There are two issues with this thought, the first being the security issues with running arbitrary z-code and the second is the practical URI length limit of about 2K in IE. From the Z-Code
standard and the Frotz source it looks like 'save' and 'restore' are the only commands that could do anything interesting outside of the Z-Code virtual machine. As for the length-limit on URIs I'm
not sure that much can be done about that. I'm using a base64 encoded copy of the compressed input stream in the URI now. Switching to the actual save state might be smaller after enough user
2008 Feb 25, 2:09
"ZPlet is an interpreter for programs using the Z-Machine virtual machine invented by Infocom for their interactive fiction." Used by to let you play the Hitchhiker's Guide to the Galaxy IF game.
2008 Feb 25, 1:18
An interview with Judith Pintar famed I.F. game writer. FTA: "While I was writing CosmoServe, I worked as a children's theatre director, and for the ten years before that I was a actress, storyteller
and concert musician." She worked with my third grade
2008 Feb 15, 2:47
AV Club reviews Lost Pig, the 2007 Interactive Fiction Competition winner.
2007 Dec 17, 9:25
Johnny Lee has a couple of projects involving the Wii remote. In the first he uses his fingers as his pointers Minority Report style and in the second he uses an LED pen and a projector to create a
2007 Oct 7, 7:33
Interactive graph of name popularity over the years.
2007 Jul 26, 12:27
My friend Chris' interactive fiction games.
2007 Jul 22, 8:38
Animated interactive graph of the FSM used to parse any regex and corresponding string you enter.
2007 May 11, 8:55Last time, I had written some resource tools
to allow me to view and modify Windows module resources in my ultimate and noble quest to
implement the XML content-type fragment in IE7. Using the resource tools I found that MSXML3.DLL isn't signed and that I can replace the XSLT embedded resource with my own, which is great news and
means I could continue in my endevour. In the following I discuss how I came up with this replacement for IE7's XML source view
At first I thought I could just modify the existing XSLT but it turns out that it isn't exactly an XSLT
, rather its an IE5 XSL
. I tried using the XSL to XSLT converter
linked to on MSDN, however the resulting document still
requires manual modification. But I didn't want to muck about in their weird language and I figured I could write my own XSLT faster than I could figure out how theirs worked.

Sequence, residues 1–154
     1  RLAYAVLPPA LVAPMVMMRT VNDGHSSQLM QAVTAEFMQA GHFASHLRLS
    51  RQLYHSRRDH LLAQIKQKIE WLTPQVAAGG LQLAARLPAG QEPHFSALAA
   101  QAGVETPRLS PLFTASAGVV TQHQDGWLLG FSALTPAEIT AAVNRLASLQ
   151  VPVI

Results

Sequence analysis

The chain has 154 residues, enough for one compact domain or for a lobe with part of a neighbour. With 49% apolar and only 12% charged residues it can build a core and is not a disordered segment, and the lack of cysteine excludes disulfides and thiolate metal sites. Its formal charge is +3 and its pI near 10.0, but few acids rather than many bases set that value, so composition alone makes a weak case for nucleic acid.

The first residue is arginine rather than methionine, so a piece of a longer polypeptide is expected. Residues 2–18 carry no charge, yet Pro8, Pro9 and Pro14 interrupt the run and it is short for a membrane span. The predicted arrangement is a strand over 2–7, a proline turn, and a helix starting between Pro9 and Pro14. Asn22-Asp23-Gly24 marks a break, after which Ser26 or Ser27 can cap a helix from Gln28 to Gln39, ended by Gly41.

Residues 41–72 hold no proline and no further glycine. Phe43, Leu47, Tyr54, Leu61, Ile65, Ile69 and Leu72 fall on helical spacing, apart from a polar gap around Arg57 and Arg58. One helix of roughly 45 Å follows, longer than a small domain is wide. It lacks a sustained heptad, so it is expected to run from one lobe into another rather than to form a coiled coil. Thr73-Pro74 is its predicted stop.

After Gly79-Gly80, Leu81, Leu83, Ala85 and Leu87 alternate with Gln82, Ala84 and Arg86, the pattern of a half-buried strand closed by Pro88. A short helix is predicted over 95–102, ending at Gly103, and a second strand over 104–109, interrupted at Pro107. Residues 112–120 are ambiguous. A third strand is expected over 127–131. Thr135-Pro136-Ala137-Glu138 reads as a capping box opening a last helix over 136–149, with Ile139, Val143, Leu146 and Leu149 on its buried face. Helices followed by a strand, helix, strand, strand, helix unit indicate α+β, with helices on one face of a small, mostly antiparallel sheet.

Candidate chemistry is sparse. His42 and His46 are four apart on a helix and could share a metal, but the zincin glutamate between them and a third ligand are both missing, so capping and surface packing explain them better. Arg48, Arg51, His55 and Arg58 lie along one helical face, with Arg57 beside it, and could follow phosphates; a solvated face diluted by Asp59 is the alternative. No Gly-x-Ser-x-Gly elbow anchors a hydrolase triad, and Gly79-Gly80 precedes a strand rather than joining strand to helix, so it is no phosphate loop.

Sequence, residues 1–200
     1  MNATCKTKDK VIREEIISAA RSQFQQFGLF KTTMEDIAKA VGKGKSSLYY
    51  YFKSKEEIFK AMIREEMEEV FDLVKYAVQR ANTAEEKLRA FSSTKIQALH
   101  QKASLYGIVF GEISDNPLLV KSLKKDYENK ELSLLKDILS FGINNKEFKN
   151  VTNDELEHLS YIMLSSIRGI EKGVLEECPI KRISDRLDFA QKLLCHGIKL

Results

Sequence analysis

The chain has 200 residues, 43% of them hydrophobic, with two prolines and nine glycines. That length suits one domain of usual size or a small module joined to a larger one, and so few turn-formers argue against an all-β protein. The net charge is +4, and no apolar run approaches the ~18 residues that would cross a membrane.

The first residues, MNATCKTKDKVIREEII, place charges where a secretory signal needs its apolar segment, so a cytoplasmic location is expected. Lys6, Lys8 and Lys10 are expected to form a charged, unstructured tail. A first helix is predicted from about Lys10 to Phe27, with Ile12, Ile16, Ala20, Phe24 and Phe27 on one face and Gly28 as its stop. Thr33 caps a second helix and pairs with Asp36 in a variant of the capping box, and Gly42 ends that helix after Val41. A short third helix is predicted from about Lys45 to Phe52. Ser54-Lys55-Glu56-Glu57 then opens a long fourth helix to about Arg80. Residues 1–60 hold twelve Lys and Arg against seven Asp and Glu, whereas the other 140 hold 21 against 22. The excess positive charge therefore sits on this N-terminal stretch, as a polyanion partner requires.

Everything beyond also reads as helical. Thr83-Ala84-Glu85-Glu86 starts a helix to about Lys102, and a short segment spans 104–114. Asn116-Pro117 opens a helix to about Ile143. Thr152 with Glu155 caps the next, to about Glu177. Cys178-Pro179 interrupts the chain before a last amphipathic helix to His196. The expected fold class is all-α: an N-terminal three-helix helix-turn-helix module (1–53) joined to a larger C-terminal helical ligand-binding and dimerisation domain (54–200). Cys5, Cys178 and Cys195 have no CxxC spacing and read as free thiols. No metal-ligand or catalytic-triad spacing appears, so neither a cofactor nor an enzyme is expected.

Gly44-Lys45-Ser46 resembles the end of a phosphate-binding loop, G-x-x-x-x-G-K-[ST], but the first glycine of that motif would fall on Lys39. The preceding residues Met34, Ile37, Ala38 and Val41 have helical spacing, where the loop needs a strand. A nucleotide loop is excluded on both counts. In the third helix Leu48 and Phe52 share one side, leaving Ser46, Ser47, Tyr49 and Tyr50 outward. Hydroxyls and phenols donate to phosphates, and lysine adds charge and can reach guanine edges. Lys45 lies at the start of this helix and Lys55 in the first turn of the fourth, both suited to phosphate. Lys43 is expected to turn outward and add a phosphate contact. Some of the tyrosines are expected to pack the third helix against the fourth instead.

I began work on the new XSLT and found it relatively easy to produce. First I got indenting working with all the XML nodes represented appropriately and different CSS classes attached to them to make
Next was the XML mimetype fragment which uses XPointer
, a framework around various different schemes for naming parts of an XML document. I focused on the
which is an extended version of XPath
. So I named my first task as getting XPaths working.
. From this this I can execute XPaths, however there's no builtin way to map from the XML nodes selected by
position in the document. For instance 'a3-e2-e' is the name produced for the 3rd attribute of the second element of the root element of the XML document. When producing the HTML for an XML node, I
them to their corresponding positions in the HTML.
With the hard part out of the way I changed the onload to get the fragment of the URI of the current document, interpret it as an XPath and highlight and navigate to the selected nodes. I also added
an interactive floating bar from which you can enter your own XPaths and do the same. On a related note, I found that when accessing XML files via the file URI scheme the fragment is stripped off and
The next steps are of course to actually implement XPointer framework parsing as well as the limited number of schemes that the XPointer framework specifies.
2007 Apr 17, 2:54
Its a little ruby tutorial that runs in your browser.
2007 Apr 12, 2:34
Blog on visual design and data visualization. Lots of neat things here.
2007 Apr 8, 11:26
A collaborative interactive map of the sky (as seen from Earth).
2007 Mar 13, 1:42
Use government census data on Google Earth.
2007 Mar 12, 12:46
An interactive map showing where Internet attacks are coming from by top level domain.
2007 Jan 17, 2:10